- Format: Of course RAW. Never JPEG. Why compress in this age of Terabytes and free online storage options and lose precious image detail. There have been countless times over the years when we have gone back and fixed an older image dramatically in radically improving editing software just because the original was in RAW. Also, when you do decide to shoot RAW, always overexpose very so slightly (I set mine to +1/3). The reasons are detailed here, but in summary, slightly overexposed RAW images have much more information in them than correctly exposed or slightly underexposed images, so you can edit them better. This is only true for RAW and not for JPEG.
- Camera Shake: As a rule of thumb, a shutter speed slower than (1/FocalLengthOfLens) leads to camera shake showing up in your image. For example, with a 100mm lens, you should use a tripod for shutter speeds of 1/125 or slower. For a brilliant travel tripod and the advantages of having one, check out the very useful, versatile and lightweight table top tripods. For every road trip I carry my carbon fiber Induro, but for every flight-based travel, I use the $35 Oben table-top with amazing success.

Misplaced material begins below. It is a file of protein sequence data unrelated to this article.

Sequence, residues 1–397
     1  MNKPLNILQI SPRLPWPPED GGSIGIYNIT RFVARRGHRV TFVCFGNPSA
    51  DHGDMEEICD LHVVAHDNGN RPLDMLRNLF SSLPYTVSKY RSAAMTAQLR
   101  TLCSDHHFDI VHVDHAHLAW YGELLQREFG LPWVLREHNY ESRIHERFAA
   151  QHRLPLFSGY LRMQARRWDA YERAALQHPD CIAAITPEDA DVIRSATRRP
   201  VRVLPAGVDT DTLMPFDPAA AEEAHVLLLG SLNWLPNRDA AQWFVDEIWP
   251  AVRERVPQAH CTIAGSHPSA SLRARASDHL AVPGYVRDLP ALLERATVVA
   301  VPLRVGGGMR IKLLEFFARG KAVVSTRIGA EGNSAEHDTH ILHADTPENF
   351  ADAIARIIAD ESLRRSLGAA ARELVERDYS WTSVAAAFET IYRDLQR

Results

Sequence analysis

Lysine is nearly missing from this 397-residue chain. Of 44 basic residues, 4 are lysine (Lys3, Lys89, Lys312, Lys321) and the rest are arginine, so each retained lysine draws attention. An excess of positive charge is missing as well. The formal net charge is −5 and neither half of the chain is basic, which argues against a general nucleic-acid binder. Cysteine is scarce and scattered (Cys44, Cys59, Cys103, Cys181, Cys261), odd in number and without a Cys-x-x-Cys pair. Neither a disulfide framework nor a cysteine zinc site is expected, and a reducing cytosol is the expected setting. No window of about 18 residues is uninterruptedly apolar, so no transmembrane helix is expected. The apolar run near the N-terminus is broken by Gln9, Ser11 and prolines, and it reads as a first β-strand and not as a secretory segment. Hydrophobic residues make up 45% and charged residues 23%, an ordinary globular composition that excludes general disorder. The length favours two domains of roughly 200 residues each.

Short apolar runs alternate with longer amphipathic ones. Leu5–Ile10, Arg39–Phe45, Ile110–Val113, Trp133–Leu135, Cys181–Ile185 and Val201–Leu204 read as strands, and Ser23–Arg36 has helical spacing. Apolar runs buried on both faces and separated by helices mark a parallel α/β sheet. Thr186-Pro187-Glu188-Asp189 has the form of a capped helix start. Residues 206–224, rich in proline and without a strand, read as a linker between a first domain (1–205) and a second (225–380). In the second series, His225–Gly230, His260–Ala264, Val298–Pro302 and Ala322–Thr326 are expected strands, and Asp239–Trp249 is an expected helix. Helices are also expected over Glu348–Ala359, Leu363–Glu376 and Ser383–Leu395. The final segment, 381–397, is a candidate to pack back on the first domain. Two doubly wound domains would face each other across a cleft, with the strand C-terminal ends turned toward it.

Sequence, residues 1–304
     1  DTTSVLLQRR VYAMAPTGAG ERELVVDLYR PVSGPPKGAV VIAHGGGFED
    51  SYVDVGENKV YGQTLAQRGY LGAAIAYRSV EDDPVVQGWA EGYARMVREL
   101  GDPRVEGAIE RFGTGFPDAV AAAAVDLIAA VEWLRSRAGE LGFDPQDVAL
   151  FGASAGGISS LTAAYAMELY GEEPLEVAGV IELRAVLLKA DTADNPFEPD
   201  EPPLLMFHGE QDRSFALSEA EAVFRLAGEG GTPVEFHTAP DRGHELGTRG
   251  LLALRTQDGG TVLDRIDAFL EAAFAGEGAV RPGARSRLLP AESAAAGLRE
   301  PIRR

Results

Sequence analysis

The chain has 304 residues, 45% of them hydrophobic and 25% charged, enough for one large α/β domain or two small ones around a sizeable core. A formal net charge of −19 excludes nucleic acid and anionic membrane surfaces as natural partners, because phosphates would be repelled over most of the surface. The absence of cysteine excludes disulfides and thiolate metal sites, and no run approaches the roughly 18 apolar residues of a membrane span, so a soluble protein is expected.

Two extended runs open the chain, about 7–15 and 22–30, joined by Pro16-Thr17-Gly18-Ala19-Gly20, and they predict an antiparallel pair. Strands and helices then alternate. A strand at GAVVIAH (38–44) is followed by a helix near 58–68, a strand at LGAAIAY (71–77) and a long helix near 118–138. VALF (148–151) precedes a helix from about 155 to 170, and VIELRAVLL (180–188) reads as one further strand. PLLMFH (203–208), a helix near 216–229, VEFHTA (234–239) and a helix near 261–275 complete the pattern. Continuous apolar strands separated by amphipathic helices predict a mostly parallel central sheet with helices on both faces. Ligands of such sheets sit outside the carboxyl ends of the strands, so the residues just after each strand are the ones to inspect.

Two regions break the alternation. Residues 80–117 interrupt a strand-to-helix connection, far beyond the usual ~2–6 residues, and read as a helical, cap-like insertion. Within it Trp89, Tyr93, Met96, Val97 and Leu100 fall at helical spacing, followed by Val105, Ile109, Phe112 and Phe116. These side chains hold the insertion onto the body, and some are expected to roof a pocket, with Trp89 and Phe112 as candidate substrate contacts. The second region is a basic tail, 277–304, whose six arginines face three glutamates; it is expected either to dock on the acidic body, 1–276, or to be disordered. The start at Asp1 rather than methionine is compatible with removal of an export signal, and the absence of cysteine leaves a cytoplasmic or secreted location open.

- Camera Accessories: For a large range in contrast (some regions of your image in deep shadow, while the others in bright sunlight), use a neutral graduated density filter to lower the brightness of the sky for a uniform tone. This problem is more severe in digital images using JPEG compression where the brighter areas can wash out any detail if these filters are not used. But most filters can be simulated in software to a reasonable degree. Except – a polarizer. Having a polarizer with you is a must to cut down on glare from glass, deepening the color of vegetation or the sky, or to cut out haze. This effect cannot be simulates to any degree of success in Photoshop.